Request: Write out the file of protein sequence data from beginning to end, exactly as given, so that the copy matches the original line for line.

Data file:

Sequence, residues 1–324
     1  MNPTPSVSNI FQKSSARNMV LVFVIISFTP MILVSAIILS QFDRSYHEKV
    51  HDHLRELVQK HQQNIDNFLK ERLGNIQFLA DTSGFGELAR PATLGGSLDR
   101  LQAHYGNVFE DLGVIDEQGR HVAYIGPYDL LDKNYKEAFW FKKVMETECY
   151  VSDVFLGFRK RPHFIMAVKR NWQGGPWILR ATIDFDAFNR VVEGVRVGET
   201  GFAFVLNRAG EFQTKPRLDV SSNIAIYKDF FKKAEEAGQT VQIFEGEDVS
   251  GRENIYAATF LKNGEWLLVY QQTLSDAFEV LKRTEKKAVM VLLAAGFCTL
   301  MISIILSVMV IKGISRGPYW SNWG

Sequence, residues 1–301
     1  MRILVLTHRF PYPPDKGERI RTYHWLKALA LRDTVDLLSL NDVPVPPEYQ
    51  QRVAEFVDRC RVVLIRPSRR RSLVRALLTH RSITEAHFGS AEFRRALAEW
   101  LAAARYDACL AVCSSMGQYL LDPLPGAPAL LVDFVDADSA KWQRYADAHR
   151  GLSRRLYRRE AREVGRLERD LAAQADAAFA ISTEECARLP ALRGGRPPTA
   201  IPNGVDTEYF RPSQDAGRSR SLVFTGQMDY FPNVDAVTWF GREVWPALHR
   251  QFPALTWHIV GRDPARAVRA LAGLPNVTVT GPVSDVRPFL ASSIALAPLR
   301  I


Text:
Sequence, residues 1–324
     1  MNPTPSVSNI FQKSSARNMV LVFVIISFTP MILVSAIILS QFDRSYHEKV
    51  HDHLRELVQK HQQNIDNFLK ERLGNIQFLA DTSGFGELAR PATLGGSLDR
   101  LQAHYGNVFE DLGVIDEQGR HVAYIGPYDL LDKNYKEAFW FKKVMETECY
   151  VSDVFLGFRK RPHFIMAVKR NWQGGPWILR ATIDFDAFNR VVEGVRVGET
   201  GFAFVLNRAG EFQTKPRLDV SSNIAIYKDF FKKAEEAGQT VQIFEGEDVS
   251  GRENIYAATF LKNGEWLLVY QQTLSDAFEV LKRTEKKAVM VLLAAGFCTL
   301  MISIILSVMV IKGISRGPYW SNWG

Sequence, residues 1–301
     1  MRILVLTHRF PYPPDKGERI RTYHWLKALA LRDTVDLLSL NDVPVPPEYQ
    51  QRVAEFVDRC RVVLIRPSRR RSLVRALLTH RSITEAHFGS AEFRRALAEW
   101  LAAARYDACL AVCSSMGQYL LDPLPGAPAL LVDFVDADSA KWQRYADAHR
   151  GLSRRLYRRE AREVGRLERD LAAQADAAFA ISTEECARLP ALRGGRPPTA
   201  IPNGVDTEYF RPSQDAGRSR SLVFTGQMDY FPNVDAVTWF GREVWPALHR
   251  QFPALTWHIV GRDPARAVRA LAGLPNVTVT GPVSDVRPFL ASSIALAPLR
   301  I